If the power to designate is delegated to more than one person, the designation must be unanimous … unless the will otherwise provides, or one of the designators is “unable or unwilling to act.” [Prob.C. § 8422(b)]. Notwithstanding the preceding paragraphs, nothing in the Code requires named executors to accept the appointment. [See Prob.C. § 8420] They may decline … in which case, the remaining nominees, if any, may serve (Prob.C. § 8425); or, if no alternates or successors were named, the court will appoint an administrator with will annexed. When a person wishes to decline appointment, the declination must be so stated on the petition for probate and be set forth in writing.

  • Challenging Appointment.

Any “interested person” may challenge appointment of a particular executor and, if appropriate, at the same time file a petition for letters of administration with will annexed. The objections will be heard, and a determination made, at the hearing for probate of the will. [Prob.C. § 8004]

  • Appointing an Administrator When Decedent Died Intestate (without a will).

In intestate cases, the court appoints an “administrator” subject to the following rules:

            (1) Eligibility for appointment:  any competent adult is eligible to be appointed as administrator (Prob.C. § 8402(a)(1) & (2)), subject to disqualification on any of the         following grounds:

                        (a) Grounds for removal: A proposed administrator may be denied the                                            appointment if there are grounds that would warrant their removal from office                               under Prob.C. § 8502 (see ¶ 3:335). [Prob.C. § 8402(a)(3)];

                        (b) Foreign resident: An administrator must be a resident of the United States.                               [Prob.C. § 8402(a)(4); Estate of Heath (2008) 166 CA4th 396, 400, 82 CR3d 436,                         438] “Resident” for this purpose means a person who actually lives in the U.S.and                     is not merely present temporarily. [Estate of Wardani (2022) 82 CA5th 870, 879,                                     885, 298 CR3d 828, 836, 840];

                        (c) Surviving business partner: Decedent’s surviving business partner is                                          disqualified if any “interested person” objects to the appointment. [Prob.C.                                    §8402(a)(5)];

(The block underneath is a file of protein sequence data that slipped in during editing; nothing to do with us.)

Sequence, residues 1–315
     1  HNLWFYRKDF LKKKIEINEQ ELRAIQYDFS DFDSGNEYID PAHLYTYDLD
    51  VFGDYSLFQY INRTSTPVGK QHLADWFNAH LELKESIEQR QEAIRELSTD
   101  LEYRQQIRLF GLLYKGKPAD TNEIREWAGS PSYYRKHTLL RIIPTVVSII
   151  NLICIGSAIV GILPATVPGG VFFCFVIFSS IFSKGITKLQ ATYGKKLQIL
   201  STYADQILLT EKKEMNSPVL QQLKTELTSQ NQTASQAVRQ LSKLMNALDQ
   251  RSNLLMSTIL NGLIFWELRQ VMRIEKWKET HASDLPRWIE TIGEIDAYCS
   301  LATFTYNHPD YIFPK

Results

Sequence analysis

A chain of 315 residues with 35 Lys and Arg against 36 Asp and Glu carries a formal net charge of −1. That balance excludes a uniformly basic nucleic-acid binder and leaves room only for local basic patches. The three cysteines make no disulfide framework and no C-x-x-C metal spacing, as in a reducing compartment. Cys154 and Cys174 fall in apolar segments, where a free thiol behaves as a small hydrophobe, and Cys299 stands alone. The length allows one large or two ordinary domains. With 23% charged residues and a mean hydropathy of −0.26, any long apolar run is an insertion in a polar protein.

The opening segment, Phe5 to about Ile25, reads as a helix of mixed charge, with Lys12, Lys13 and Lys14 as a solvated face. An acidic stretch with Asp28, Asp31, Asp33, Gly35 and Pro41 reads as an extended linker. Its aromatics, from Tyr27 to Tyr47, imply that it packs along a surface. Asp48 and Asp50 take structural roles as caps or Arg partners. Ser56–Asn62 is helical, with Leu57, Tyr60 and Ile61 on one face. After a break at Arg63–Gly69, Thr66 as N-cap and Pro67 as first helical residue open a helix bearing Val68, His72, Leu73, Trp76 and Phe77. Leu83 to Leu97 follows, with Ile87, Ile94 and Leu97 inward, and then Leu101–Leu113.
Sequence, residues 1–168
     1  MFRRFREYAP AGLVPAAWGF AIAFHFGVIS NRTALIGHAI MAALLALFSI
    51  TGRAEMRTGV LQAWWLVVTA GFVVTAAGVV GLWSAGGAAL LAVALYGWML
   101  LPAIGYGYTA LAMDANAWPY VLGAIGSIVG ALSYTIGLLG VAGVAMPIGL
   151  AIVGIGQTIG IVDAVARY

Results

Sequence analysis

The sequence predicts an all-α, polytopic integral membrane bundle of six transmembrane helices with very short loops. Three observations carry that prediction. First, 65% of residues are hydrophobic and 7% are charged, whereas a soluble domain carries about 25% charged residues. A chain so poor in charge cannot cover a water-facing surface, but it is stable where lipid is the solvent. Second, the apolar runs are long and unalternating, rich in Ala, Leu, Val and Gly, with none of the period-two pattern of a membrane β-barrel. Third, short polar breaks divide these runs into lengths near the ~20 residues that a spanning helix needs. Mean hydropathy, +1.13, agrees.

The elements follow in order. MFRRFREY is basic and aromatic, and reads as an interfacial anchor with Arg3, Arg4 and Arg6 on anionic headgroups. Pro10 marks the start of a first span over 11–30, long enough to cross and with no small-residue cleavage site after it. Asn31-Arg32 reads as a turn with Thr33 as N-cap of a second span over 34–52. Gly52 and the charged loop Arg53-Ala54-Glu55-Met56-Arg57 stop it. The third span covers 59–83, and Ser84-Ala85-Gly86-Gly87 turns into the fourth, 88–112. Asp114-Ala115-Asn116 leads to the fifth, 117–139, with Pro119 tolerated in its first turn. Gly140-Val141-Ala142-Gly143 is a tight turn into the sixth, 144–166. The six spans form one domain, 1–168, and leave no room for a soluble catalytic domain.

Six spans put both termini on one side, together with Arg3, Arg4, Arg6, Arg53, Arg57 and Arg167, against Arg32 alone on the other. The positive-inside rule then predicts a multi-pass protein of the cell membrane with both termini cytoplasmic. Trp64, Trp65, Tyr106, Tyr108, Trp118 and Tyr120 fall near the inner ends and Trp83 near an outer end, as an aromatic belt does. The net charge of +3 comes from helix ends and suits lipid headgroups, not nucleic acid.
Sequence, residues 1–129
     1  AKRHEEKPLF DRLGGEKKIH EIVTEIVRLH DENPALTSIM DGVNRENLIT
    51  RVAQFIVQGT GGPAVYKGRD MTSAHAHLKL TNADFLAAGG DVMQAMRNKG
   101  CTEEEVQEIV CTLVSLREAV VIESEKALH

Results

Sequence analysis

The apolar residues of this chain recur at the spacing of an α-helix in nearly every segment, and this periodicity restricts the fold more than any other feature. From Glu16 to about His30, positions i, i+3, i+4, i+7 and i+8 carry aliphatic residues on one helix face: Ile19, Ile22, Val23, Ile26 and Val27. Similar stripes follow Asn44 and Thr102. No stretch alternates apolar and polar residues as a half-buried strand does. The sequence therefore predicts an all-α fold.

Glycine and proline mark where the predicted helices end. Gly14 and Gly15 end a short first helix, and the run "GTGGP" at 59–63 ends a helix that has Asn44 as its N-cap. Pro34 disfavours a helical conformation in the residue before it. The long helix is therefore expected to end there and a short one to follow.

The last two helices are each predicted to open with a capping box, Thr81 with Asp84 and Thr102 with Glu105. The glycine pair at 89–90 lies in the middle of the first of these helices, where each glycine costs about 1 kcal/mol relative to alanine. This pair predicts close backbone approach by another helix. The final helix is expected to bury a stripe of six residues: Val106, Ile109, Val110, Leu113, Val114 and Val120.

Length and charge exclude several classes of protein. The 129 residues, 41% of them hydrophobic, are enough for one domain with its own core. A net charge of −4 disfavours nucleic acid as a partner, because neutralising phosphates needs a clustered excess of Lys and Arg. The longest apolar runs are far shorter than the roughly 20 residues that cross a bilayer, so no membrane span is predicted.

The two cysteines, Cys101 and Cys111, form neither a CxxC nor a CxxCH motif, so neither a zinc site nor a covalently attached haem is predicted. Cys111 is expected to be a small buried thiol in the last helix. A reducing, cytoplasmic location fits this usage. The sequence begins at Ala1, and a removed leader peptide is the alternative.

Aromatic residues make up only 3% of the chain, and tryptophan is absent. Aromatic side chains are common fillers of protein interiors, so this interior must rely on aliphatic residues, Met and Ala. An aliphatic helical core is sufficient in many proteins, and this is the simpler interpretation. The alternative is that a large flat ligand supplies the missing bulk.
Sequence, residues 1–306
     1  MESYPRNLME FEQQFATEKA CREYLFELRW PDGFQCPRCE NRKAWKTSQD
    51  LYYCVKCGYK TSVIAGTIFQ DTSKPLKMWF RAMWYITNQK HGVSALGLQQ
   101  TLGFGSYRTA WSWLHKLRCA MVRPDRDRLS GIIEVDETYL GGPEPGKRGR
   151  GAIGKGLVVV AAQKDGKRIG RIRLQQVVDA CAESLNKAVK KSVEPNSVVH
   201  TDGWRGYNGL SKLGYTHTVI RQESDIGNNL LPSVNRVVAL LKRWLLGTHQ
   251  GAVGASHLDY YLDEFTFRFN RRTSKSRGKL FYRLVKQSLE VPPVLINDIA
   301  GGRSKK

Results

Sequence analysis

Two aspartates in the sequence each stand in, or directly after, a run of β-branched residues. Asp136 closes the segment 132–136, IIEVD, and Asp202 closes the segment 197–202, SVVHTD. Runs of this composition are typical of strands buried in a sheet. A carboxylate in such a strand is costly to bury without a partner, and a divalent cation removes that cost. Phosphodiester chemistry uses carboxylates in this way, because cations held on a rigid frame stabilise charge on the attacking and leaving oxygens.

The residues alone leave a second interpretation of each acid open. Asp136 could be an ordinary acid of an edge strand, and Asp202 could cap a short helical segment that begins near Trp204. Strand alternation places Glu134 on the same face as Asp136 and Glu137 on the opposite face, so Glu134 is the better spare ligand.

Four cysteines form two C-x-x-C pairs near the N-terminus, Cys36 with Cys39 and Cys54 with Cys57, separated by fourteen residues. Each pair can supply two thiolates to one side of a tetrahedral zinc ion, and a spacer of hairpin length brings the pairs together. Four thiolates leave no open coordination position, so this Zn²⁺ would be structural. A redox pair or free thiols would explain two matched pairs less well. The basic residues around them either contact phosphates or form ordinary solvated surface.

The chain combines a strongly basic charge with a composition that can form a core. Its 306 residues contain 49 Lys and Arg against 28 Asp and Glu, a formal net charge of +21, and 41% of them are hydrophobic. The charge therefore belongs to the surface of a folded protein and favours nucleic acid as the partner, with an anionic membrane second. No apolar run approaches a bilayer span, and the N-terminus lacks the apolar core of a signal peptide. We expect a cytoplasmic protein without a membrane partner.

(d) Minors, wards and conservatees: A minor, ward or conservatee is                                              personally disqualified; but the court in its discretion may appoint their guardian                           or conservator “or another person entitled to appointment.” [Prob.C. § 8464;                          Estate of Lewis (2010) 184 CA4th 507, 511, 108 CR3d 800, 802].  That said, the                             guardian or conservator steps into the disqualified minor’s, ward’s or conservatee’s               shoes and is entitled to the appointment unless the court exercises its discretion to                              appoint someone else in the same priority class as the minor, ward or conservatee.                      [Estate of Lewis, supra, 184 CA4th at 512, 108 CR3d at 803].

            (2) Priority of right to appointment: The priority of those persons entitled to           administer an estate is wholly statutory, as established by Prob.C. § 8461. The statutory             priority rankings are absolute; so long as a person in a higher priority class is otherwise          eligible and has not waived the right to priority of appointment, the court has no             discretion to appoint someone in a lower class. [Estate of Garrett (2008) 159 CA4th 831,          836, 71 CR3d 864, 867 (discussing priority right of surviving spouse); Estate of Lewis             (2010) 184 CA4th 507, 513, 108 CR3d 800, 804—no discretion to appoint person in        inferior class (here, the public administrator) in preference to disqualified minor’s           guardian or any other person in same priority class as disqualified minor]. The persons         are entitled to appointment as administrator in the following order of priority (Prob.C. §            8461):

            • Surviving spouse or domestic partner (as defined in Prob.C. § 37) (Prob.C. § 8461(a));

            • Children (Prob.C. § 8461(b));

            • Grandchildren (Prob.C. § 8461(c));

            • Other issue (Prob.C. § 8461(d));

            • Parents (Prob.C. § 8461(e));

            • Brothers and sisters (Prob.C. § 8461(f));

            • Brothers’ and sisters’ issue (Prob.C. § 8461(g));

            • Grandparents (Prob.C. § 8461(h));

            • Grandparents’ issue (Prob.C. § 8461(i));

            • Predeceased spouse’s or domestic partner’s children (Prob.C. § 8461(j));

            • Predeceased spouse’s or domestic partner’s other issue (Prob.C. § 8461(k));

            • Other “next of kin” (Prob.C. § 8461(l));

            • Predeceased spouse’s or domestic partner’s parents (Prob.C. § 8461(m));

            • Predeceased spouse’s or domestic partner’s parents’ issue (Prob.C. § 8461(n));

            • Decedent’s conservator or guardian of the estate acting in that capacity at time of death                provided they have filed a first account and is not acting in the same capacity for any        other person (Prob.C. § 8461(o));

            • Public administrator (i.e., a county officer, see Prob.C. § 7600 et seq.) (Prob.C. §            8461(p));

            • Creditors (Prob.C. § 8461(q));

            • “Any other person” (Prob.C. § 8461(r)).

The priority rights under Prob.C. § 8461 are determined by the circumstances existing at the time of decedent’s death. [Estate of Garrett (2008) 159 CA4th 831, 839, 71 CR3d 864, 869 (priority right as surviving spouse)].